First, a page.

University System of Georgia

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Olympic-era Residence Hall to be Transferred to Georgia Tech

Atlanta — March 7, 2007

University System of Georgia Chancellor Erroll B. Davis Jr. announced today the transfer of Board of Regents-owned property from Georgia State University to the Georgia Institute of Technology. The property, located at North Avenue and Centennial Olympic Park Drive, includes residence halls originally built to house athletes participating in the 1996 Centennial Olympic Games, held in Atlanta.

Since fall 1996, the residence halls have housed Georgia State students, and with the transfer, will be occupied by Georgia Tech students, beginning with the fall 2007 semester. As Georgia State has continued to create on-campus housing adjacent to its downtown campus, University System officials realized that the Olympic Dorm complex would be a better fit with the adjacent Georgia Tech campus.

“On behalf of the Board of Regents, we are pleased with this outcome that keeps this valuable property within the University System,” said Davis. “This is an optimal result for the System and will benefit both Georgia State and Georgia Tech.”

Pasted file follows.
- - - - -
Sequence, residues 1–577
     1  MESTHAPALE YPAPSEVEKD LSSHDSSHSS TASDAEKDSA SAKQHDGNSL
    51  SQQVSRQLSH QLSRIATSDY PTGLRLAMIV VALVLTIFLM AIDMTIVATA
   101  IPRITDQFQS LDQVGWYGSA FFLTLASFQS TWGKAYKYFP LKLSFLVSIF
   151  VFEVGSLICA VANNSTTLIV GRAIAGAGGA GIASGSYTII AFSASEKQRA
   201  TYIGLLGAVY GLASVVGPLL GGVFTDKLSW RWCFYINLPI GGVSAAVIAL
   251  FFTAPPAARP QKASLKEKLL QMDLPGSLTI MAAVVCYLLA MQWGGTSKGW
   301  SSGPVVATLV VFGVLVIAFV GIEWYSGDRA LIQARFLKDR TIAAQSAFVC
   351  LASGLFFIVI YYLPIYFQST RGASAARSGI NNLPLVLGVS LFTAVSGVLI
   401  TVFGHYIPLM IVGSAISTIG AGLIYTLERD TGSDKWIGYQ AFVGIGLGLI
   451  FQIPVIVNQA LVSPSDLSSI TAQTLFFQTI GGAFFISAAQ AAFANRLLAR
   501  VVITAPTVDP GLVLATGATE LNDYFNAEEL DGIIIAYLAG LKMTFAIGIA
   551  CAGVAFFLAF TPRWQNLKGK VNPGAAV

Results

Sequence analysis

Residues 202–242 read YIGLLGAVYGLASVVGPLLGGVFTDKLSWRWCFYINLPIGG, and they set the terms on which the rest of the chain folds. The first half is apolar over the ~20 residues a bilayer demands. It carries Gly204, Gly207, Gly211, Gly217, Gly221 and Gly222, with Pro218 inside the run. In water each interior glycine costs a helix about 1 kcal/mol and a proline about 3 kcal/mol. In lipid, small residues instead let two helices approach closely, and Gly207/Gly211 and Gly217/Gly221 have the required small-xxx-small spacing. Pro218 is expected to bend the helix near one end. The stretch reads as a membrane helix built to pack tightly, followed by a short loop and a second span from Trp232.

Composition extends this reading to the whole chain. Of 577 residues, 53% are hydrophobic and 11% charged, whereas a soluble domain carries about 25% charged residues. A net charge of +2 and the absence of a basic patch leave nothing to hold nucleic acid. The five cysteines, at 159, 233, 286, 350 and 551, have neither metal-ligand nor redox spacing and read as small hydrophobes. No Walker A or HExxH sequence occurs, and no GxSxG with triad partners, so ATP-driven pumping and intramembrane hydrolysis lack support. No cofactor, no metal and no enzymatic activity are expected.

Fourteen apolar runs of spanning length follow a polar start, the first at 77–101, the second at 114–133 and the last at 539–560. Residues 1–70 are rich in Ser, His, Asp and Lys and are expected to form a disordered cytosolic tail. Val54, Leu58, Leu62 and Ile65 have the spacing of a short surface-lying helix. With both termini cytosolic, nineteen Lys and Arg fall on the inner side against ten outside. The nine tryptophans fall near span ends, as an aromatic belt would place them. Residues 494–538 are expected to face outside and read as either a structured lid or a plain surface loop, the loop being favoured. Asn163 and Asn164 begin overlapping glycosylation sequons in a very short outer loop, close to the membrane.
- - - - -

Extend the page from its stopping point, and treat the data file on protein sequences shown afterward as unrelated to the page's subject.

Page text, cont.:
“Thanks to the efforts of many individuals within the University System, the transfer of Georgia State’s Village will provide resources needed to build more student housing on our campus, a component of our updated master plan that calls for an additional 4,500 beds over the next 10 years,” said Georgia State University President Carl Patton. “Also, research shows that students who live on campus are more involved in campus life, get better grades and graduate more quickly.”

The four residence halls, initially constructed for a cost of $79.6 million, currently can house 2,000 students in 3-6 bed apartments.

“I would like to express my appreciation to Chancellor Davis and everyone who made this possible,” said Georgia Tech President Wayne Clough. “Acquiring the Georgia State Olympic residence halls will help us meet the housing demands of a growing student body at Georgia Tech and allow us new options as to how we use the land on our campus.”

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